Negotiating

Brand paid you 50% less? Here’s why it doesn’t matter.

It's time to stop getting hung up over the pennies.

4 Minute Read

Y'all ever sit down and do the math on how much you earned from your creator business in the last 6-12 months?

Maybe you're not quite hitting the numbers you were hoping to…or maybe you're knocking it out of the park.

But if you’re like me, you probably kinda forget about the individual deals you’ve done over the months and instead look proudly at that grand total.

Because big or small, YOU EARNED IT!

But when you’re in the heat of a negotiation for a specific brand deal, it can be so easy to get hung up on getting paid your “full” rate (because…you deserve it, right)?

So let’s talk about why losing out on a few dollars here and there doesn’t actually matter.

It’s Not Personal.

Most brands are beholden to internal budgets that are set in stone, and these will vary based on things like the marketing initiative, campaign type (conversion, repurposing, awareness), terms, deliverables, and time of year.

So if a brand tells you their budget and it’s 20% less than you’d typically charge…

They’re probably not trying to sell YOU short, specifically.

They’re actually allocating their budget like a game of Tetris, figuring out how they can lock in their favorite creators (who all charge different amounts btw).

So DON’T drive negotiations into the ground over chump change.

Because if you do, you’re at risk of damaging your relationship with that brand.

After all, you don’t have to take the dang deal if a brand simply can’t meet your terms.

At worst, you’ll politely tell them it’s not gonna work out this time, but that you’d love to remain in touch about possible future collaborations.

Take it from me, banging your head against the wall trying to get your full rate (when it’s clear the brand can’t meet it) is a massive waste of time.

Personally, I charge every brand differently.

Brands rarely talk to each other and on the off-chance they do, it’s definitely NOT about specific rates creators are charging them for partnerships.

So it’s 100% fine to have significantly different pricing strategies for different brands, relative to the various terms and deliverables for each campaign.

BUT! It’s a little different when it comes to advertising agencies.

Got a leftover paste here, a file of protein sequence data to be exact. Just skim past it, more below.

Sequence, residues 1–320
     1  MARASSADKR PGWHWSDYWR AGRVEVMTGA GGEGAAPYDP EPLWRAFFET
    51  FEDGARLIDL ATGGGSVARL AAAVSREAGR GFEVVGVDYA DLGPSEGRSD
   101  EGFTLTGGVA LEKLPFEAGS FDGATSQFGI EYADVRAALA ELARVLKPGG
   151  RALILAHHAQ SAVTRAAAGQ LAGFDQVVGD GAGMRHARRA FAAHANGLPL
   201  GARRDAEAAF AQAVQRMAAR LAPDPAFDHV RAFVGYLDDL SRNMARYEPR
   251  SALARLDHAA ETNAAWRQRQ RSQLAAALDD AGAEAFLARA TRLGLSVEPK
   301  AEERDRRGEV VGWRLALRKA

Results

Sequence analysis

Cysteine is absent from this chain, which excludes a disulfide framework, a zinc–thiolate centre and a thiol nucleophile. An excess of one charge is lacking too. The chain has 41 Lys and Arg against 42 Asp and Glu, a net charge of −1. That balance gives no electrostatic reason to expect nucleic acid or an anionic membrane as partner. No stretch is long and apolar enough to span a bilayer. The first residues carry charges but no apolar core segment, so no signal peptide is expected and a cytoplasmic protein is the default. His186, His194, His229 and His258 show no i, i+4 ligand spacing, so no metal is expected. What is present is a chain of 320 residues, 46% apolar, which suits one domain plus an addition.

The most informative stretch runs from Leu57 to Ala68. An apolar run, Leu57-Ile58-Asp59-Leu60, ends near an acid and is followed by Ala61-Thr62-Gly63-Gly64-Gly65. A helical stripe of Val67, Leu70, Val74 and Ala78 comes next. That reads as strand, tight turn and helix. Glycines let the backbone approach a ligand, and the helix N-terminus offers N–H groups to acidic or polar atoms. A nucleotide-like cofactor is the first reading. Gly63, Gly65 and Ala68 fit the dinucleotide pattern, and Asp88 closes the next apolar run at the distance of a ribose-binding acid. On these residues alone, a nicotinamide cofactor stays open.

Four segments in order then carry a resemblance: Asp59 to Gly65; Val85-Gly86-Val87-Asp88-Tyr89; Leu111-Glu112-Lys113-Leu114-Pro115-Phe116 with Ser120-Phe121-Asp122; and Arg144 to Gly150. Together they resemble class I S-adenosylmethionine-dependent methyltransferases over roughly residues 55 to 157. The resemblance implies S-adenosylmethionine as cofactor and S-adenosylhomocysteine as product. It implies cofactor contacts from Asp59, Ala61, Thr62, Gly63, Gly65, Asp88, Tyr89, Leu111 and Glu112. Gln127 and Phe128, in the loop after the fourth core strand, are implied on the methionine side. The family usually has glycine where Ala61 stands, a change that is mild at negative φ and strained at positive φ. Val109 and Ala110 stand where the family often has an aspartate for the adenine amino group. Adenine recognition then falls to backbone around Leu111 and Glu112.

Agency colleagues who work across different brands DO talk to each other.

Two account executives working at the same agency will both know when you try quoting them 2x what you did last month.

The most important thing when you’ve worked with an agency or a brand on multiple occasions is to verify what you charged last time.

You don’t wanna accidentally ask for 5x more (unless your influence, performance, or the campaign dynamics warrants it)…

And you DEFINITELY don’t wanna ask for 50% less by mistake.

At the end of the day, the most important thing is rate consistency per brand and per agency.

Your personal stock portfolio.

Ultimately, the big “unlock” for me was when I started thinking of our sponsorship strategy like a diversified stock portfolio.

How much you net on each individual “stock” is kind of…irrelevant.

What’s most important is how much you’re bringing in consistently, and your returns over time.

At the end of the year, do you think you’ll remember that one deal that paid 10% less than your usual rate?

Or will you look at the grand total and think “dang, this was a great year”?

So stop fighting over pennies on every single deal if the offer is FAIR.

The last thing you want is for trivial stuff to sour your relationship with the brand or the agency and torpedo your chances of winning future business. ✌️

Be well!

Justin

P.S. Have you considered funding your project or creator business through grants?

Created by Danielle Desir Corbett, Grants For Creators is a biweekly newsletter curating the latest grants and other paid funding opportunities U.S. creators and small business owners can apply to. Join over 1,700 creators saving time on research by subscribing today.

Thanks to George Blackman for contributing to this piece.


Justin Moore | Creator Wizard